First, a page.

The content- and protocol-handler mechanisms we've introduced can be used by any application that accesses data via URLs. This mechanism is extremely flexible; to handle a URL, you need only the appropriate protocol and content handlers. One obvious application is for Java-based Web browsers that can handle new and specialized kinds of URLs. Furthermore, Java's ability to load new classes over the Net means that, in theory, the handlers don't even need to be a part of the browser. Content and protocol handlers could be downloaded over the Net, from the same site that supplies the data, and used by the browser. If you wanted to supply some completely new data type, using a completely new protocol, you could make your data file plus a content handler and a protocol handler available on your Web server; anyone using a Web browser supporting Java could automatically get the appropriate handlers whenever they access your data. In short, Java lets you build dynamically extensible Web applications. Instead of gigantic do-everything software, you can build a lightweight scaffold that dynamically incorporates extensions as needed. Figure 12.1 shows the conceptual operation of a downloadable content handler in a Web browser; Figure 12.2 does the same for a protocol handler.
Sun's HotJava was the first browser to begin to provide these features. When HotJava encounters a type of content or a protocol it doesn't understand, it searches its classpath for an appropriate handler class. HotJava is built from the ground up on content and protocol handlers. Even document formats like HTML aren't privileged and built into the browser. HTML documents use the same content- and protocol-handler mechanisms as other data types--which means that HotJava could support other document formats easily. Furthermore, you can (at least in theory) use protocol and content handlers as powerful tools for creating applications, as JavaSoft has demonstrated with HotJava. Essentially, you use the protocol handler to manage a new class of URL, specific to your application--for example, a "sale" URL to manage a point-of-sale application.
Unfortunately, a few nasty flies are stuck in this ointment. Although content and protocol handlers are part of the Java API and they're an intrinsic part of the mechanism for working with URLs, specific content and protocol handlers aren't part of the API. The standard Java classes don't, for example, include content handlers for HTML, GIF, MPEG, or other common data types. Sun's JDK and all of the other Java environments do come with handlers, but these are installed on an application-level basis.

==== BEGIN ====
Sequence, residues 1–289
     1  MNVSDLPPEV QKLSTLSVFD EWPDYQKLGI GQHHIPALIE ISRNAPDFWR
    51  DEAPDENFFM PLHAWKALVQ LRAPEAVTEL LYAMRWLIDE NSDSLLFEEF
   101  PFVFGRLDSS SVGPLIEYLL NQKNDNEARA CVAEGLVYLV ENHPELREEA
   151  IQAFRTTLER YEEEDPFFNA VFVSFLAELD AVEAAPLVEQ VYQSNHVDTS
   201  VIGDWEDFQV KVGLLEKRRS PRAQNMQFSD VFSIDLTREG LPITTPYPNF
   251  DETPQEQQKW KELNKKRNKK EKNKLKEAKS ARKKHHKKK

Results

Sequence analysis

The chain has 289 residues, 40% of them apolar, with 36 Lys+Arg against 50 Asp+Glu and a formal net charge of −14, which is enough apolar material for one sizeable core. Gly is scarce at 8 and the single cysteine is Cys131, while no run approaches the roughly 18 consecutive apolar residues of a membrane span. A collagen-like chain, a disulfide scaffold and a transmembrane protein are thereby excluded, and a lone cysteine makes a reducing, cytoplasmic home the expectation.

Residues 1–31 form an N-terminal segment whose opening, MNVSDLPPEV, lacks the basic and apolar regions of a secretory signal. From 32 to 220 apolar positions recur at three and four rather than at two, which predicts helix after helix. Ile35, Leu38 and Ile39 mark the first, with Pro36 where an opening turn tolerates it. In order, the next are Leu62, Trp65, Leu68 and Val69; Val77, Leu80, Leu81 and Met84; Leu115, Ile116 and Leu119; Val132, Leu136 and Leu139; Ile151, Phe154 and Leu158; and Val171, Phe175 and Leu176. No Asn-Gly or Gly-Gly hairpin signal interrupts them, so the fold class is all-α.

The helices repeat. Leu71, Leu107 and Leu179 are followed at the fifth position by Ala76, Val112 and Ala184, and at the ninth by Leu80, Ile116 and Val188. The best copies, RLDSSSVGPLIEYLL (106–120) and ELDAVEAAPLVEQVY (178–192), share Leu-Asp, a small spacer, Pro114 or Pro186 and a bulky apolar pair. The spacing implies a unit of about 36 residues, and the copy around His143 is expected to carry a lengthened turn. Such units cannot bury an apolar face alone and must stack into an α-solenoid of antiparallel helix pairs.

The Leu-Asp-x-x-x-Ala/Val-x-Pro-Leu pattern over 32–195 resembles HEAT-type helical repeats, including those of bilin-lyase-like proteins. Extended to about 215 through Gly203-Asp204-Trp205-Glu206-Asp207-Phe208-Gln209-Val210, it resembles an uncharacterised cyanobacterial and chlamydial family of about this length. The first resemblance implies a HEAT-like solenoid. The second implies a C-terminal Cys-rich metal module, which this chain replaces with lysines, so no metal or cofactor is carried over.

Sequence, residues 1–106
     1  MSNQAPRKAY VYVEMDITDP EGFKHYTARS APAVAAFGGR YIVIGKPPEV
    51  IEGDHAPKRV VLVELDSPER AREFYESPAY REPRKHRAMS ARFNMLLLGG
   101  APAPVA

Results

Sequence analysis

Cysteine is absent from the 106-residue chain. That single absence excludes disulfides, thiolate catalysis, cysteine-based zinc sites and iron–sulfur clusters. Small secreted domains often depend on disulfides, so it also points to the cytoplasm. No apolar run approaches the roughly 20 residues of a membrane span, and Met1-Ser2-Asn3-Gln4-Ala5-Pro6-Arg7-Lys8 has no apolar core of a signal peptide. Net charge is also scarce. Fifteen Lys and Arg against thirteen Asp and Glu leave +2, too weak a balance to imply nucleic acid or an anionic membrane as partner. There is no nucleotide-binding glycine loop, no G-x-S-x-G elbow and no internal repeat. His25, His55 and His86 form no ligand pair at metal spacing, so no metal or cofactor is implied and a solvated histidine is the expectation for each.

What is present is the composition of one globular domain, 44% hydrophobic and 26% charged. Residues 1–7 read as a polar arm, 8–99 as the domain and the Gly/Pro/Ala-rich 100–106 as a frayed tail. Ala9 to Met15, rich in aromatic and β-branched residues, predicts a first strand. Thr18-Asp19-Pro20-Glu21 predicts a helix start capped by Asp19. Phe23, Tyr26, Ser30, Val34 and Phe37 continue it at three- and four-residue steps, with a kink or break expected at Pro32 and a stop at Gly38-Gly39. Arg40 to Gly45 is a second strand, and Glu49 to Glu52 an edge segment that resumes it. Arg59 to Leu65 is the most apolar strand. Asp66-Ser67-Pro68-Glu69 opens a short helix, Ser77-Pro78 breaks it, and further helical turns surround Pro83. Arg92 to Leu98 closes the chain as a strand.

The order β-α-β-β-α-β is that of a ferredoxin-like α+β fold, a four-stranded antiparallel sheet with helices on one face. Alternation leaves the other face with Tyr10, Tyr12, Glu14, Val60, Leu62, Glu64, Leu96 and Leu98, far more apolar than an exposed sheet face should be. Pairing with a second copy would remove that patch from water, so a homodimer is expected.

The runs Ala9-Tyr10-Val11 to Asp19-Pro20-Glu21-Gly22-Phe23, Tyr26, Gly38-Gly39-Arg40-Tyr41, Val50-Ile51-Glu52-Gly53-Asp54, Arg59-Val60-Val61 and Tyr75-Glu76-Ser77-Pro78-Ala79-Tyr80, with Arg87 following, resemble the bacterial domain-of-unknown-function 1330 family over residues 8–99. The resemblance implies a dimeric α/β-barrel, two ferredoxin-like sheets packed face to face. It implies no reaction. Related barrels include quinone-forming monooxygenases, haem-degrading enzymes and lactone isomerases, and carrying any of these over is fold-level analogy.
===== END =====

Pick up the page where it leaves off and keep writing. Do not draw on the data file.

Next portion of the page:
There are two real issues here:
There isn't a standard that says that certain types of handlers have to be provided in each environment along with the core Java API. Instead we have to rely on the application to decide what kinds of data types it needs. This makes sense but is frustrating when it should be reasonable to expect certain basic types to be covered in all environments.
There isn't any standard that tells you what
kind of object the content handler should return. It's common sense
that GIF data should be turned into an
Image object, but at the moment, that's an
application-level decision. If you're writing your own
application and your own content handlers, that isn't an issue:
you can make any decision you want.
But if you're writing content handlers that are to be used by arbitrary
applications (like HotJava), you need to know what they expect.
Furthermore, downloadable handlers are not part of HotJava 1.0.
(We've been waiting a long time.) You can install them locally, as
for all Java applications, but HotJava will not yet retrieve them from
a remote host. And other browsers like Netscape Navigator and
Internet Explorer do not directly support handlers at all. You can
install them locally for use in your own applets, as with HotJava, but
you cannot use them to extend the capabilities of the browser.
Netscape and Internet Explorer are currently classic monolithic
applications: knowledge about certain kinds of objects, like
HTML and GIF files, is
built in. These browsers can be extended via a plug-in mechanism, but
plug-ins aren't portable and can't be downloaded dynamically over the
Net. (Microsoft's ActiveX controls can be downloaded, but most are
written in Visual Basic, which has serious security problems.) If
you're writing applets for use in Netscape or Internet Explorer now,
about all you can do is use the
openStream() method to get a raw input
stream from which to read data. Netscape, at least, has promised that
a future release of Navigator will be written in Java. We hope then
that we'll see more universal support for the power of handlers.